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Colorectal Cancer Medications

Colorectal Cancer Medications

Colorectal cancer, or also known as colon cancer or rectal cancer, happens when cancer attacks the colon or the rectum. The cancer cells usually originate from the inner lining of either the colon or the rectum and grows outward to the outer layers over time. Once in the wall, it’s possible that the cancer cells may grow into blood vessels and travel to other parts of the body. To combat this, there are colorectal cancer medications available to patients.

Using Chemotherapy

For this kind of therapy, colorectal cancer medications are used to eliminate the cancer cells in the body. This process often ends the ability of the cancer cells to grow and multiply further.

There are two methods of subjecting a patient to chemotherapy: one is through an intravenous tube to allow the medication to enter the body directly through the blood stream, and the other is by orally ingesting pills or capsules.

There are different types of chemotherapy medication, and it depends on the type of cancer that the patient has. For colorectal cancer, antimetabolite drug is commonly used. Anti-tumor antibiotics can also be used to treat many kinds of cancers.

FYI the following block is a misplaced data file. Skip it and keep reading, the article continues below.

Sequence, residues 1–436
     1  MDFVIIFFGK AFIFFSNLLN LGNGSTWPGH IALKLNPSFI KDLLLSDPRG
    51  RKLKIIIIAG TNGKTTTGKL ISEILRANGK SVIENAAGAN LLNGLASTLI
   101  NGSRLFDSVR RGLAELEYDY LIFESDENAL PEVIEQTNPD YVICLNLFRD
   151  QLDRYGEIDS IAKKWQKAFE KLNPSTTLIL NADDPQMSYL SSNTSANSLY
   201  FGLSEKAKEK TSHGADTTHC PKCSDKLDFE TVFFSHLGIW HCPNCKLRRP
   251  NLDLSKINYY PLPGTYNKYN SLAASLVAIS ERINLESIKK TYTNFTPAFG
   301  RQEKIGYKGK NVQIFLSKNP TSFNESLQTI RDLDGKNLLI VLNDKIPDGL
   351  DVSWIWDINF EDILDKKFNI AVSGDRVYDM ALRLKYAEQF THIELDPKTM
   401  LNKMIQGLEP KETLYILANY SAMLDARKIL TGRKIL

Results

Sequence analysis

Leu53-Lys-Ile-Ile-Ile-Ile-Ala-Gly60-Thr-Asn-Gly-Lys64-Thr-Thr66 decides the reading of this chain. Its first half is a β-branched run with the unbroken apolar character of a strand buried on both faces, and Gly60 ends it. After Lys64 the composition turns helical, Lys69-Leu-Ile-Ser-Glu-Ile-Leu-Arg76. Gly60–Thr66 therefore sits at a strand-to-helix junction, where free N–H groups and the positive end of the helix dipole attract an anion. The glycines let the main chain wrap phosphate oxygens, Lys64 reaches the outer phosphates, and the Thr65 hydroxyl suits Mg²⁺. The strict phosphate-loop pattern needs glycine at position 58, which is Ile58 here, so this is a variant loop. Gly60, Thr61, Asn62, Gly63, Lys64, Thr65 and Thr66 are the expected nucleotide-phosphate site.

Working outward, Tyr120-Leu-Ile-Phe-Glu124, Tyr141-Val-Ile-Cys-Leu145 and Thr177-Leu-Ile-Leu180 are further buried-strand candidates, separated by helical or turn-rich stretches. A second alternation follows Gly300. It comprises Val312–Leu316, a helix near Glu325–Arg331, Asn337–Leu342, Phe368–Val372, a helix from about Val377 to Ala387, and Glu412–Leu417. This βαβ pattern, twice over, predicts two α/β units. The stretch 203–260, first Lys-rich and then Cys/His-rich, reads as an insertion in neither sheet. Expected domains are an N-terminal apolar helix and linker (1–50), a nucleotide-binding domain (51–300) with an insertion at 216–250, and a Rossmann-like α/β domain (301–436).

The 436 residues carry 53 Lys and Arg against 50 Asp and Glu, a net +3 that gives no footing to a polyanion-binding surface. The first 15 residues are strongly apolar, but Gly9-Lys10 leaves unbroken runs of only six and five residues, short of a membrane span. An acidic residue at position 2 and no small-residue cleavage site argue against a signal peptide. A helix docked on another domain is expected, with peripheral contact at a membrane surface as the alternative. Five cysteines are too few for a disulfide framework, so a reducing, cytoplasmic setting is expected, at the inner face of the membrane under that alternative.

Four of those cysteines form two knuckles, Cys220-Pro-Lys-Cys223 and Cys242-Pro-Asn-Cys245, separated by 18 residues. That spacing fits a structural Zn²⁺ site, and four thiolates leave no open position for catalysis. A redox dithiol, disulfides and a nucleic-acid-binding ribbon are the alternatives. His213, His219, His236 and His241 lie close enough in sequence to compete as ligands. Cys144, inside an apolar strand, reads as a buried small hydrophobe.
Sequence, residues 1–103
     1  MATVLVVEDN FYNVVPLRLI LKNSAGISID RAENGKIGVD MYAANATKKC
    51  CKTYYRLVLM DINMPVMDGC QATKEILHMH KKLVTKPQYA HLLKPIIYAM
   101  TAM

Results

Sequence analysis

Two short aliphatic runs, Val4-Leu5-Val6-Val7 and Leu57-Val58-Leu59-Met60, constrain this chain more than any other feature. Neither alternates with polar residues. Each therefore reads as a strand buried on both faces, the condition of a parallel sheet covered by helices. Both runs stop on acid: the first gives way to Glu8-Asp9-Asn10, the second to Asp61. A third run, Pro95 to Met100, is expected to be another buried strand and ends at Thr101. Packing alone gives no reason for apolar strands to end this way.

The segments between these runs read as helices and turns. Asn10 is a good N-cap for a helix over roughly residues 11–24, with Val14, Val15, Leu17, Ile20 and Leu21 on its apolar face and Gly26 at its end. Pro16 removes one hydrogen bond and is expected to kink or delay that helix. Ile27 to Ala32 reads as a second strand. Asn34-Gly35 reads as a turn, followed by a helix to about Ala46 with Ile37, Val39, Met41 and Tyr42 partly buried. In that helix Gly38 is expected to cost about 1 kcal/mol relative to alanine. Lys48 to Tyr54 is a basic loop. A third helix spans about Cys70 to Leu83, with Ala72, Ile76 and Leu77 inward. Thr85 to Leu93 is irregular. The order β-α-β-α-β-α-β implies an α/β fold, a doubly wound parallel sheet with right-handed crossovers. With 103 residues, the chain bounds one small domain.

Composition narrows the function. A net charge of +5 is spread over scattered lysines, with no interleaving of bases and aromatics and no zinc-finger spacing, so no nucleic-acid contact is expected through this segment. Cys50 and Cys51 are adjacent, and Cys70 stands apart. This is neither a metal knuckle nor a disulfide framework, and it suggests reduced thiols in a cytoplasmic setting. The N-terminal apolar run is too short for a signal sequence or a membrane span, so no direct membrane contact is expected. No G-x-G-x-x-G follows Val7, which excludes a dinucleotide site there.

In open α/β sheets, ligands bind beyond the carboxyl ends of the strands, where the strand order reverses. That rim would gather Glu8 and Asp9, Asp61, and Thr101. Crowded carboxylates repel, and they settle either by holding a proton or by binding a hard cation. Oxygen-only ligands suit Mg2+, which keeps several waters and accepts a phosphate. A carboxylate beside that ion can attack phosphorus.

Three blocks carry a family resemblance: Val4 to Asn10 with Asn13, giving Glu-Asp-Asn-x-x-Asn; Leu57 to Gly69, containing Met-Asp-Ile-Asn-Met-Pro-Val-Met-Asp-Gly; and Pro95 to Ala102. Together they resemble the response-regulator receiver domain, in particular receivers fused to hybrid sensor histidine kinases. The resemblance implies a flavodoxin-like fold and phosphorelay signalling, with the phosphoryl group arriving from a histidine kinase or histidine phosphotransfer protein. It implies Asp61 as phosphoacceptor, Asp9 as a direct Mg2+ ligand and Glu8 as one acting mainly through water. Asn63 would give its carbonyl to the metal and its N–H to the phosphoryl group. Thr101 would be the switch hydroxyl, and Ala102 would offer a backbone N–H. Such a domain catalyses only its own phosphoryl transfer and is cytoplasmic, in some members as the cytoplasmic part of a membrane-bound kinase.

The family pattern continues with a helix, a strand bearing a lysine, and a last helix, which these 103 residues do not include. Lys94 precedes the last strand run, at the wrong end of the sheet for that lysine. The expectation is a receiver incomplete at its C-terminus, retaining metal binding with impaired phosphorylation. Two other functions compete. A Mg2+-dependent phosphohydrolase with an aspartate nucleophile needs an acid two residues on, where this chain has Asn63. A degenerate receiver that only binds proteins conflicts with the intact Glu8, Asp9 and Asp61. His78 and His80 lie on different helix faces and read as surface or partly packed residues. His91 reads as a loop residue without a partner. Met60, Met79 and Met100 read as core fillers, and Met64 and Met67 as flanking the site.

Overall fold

Side Effects of Chemotherapy

The drugs used for chemotherapy are powerful since they were manufactured specifically to combat and eliminate cancer cells. As such, there are several known side effects to taking these drugs and it can affect more than one body part or system of the patient.

These effects also vary depending on the patient’s age, overall health, and the kind of chemotherapy the patient has been subjected to.

During chemotherapy, the most vulnerable body parts are the digestive tract, hair follicles, the bone marrow, the mouth, and the reproductive system. This is why the most common side effects are hair loss, diarrhea, and mouth sores.

Chemotherapy can also affect the circulatory and immune system, causing the patient to feel easily tired or fatigued, nauseated, and even become anemic. Patients feel generally weak and possibly become more sickly than usual because it can also lower the white blood cells in the body, which are mainly responsible for fighting sickness and infections.

The nervous and muscular system can also be affected, which will result in muscle pain and weakness. It’s also possible that motor skills will become slower, leading to some difficulty when it comes to balance and overall coordination.

If the patient experiences severe and difficult side effects, doctors can lower the dosage of the chemotherapy medication to make it more bearable. It’s important that patients communicate to their doctors what they feel and experience during medication. The good news is that once treatment is done, the side effects will subside and eventually go away.

Featured Image: depositphotos/garagestock

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